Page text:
Depending on the age of the grapevine, and it sounds like it could still be young since you say it’s “small,” it is indeed possible to transplant grapevines. It takes a lot of care and often takes a lot of time and elbow grease, however.
Grapevines quickly establish very deep, wide-reaching root systems and the older they are the bigger those root systems become. When you do dig out the vines, be sure to initially dig at least three feet away from the stump in order to find the rootball, dig around and under it, and move as much as you can of it. Be sure that the hole into which you move the transplant is similarly large — you may be digging a lot longer, deeper and wider than you had planned on. The roots develop many little “micro hairs” and complex and very thin root pieces that are critical for the plant’s health and are often disrupted during the move. When you do get the rootball back underground, be sure to water much more than you normally would for at least three weeks. The vine will be stressed and will be in need of extra care.
I definitely recommend waiting until late winter or early spring to attempt a transplant. At that time of the year (depending on where you live, probably around January or February), the vine will be in its most hibernation-like state. It will have had a full drink of winter rains, a replenished nutrient supply and will essentially be taking a long winter’s nap in preparation for the upcoming growing season. This is indeed why we prune grapevines in the late winter, when we effectively remove anywhere from 40–70% of the vine’s material. July and August are prime growing times for the plant, and if you knock down the vigorous green growth of the vine this time of year, the vine might not spring back. Summertime heat and dry conditions could also further stress a struggling vine, adding insult to transplant injury.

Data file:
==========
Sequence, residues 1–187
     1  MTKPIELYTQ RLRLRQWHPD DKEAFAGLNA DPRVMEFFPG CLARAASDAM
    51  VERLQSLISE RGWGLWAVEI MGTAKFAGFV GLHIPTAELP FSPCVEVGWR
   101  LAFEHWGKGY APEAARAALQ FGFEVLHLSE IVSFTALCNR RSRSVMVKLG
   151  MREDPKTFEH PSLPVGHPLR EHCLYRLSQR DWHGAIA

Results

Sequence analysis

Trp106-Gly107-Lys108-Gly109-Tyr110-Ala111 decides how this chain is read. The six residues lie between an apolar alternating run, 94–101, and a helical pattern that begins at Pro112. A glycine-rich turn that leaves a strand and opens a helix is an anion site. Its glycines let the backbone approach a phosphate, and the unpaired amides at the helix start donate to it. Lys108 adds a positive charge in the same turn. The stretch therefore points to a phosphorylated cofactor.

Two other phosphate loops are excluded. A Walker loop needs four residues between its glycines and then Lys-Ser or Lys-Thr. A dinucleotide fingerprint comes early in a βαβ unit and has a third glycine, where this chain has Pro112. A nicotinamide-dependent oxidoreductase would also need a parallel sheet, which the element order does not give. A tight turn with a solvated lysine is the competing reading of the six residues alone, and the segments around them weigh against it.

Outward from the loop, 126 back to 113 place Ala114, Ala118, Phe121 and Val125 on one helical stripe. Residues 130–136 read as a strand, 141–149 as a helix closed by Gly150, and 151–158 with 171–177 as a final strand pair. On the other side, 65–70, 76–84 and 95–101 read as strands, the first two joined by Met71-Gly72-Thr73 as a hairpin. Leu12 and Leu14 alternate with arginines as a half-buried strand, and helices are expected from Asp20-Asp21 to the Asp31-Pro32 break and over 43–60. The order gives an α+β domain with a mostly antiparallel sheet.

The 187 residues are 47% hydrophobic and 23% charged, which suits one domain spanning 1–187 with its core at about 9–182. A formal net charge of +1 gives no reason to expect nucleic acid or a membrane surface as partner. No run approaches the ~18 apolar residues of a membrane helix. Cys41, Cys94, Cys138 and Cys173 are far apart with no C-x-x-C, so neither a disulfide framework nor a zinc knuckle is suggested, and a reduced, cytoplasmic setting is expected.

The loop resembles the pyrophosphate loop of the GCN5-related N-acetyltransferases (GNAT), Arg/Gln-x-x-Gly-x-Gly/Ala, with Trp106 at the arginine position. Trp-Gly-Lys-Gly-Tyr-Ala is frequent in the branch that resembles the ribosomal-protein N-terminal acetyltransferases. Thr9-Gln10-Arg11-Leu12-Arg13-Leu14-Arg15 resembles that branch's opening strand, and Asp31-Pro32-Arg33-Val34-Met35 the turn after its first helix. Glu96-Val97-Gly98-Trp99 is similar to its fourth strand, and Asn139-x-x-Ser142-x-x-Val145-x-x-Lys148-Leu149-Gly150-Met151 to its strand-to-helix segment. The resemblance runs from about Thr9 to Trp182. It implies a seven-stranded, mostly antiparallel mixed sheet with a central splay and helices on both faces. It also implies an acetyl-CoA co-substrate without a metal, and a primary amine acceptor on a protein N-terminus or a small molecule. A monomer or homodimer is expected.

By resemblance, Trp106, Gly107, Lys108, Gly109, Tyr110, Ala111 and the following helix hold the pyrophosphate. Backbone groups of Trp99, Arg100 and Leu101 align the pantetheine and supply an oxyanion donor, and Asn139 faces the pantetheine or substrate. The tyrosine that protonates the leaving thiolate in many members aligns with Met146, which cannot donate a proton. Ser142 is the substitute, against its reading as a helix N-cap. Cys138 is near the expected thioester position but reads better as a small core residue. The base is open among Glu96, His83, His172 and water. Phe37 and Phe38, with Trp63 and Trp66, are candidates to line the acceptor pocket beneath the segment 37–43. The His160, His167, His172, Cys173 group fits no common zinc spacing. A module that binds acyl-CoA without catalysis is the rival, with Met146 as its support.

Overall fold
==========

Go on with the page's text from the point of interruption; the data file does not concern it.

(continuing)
Luckily grapevines are relatively inexpensive to purchase in the case of a less than successful transplant attempt. I do fully understand the emotional attachment we can sometimes have to our grapevines, especially plants that we’ve made great wine from or have moved with us in containers from house to house.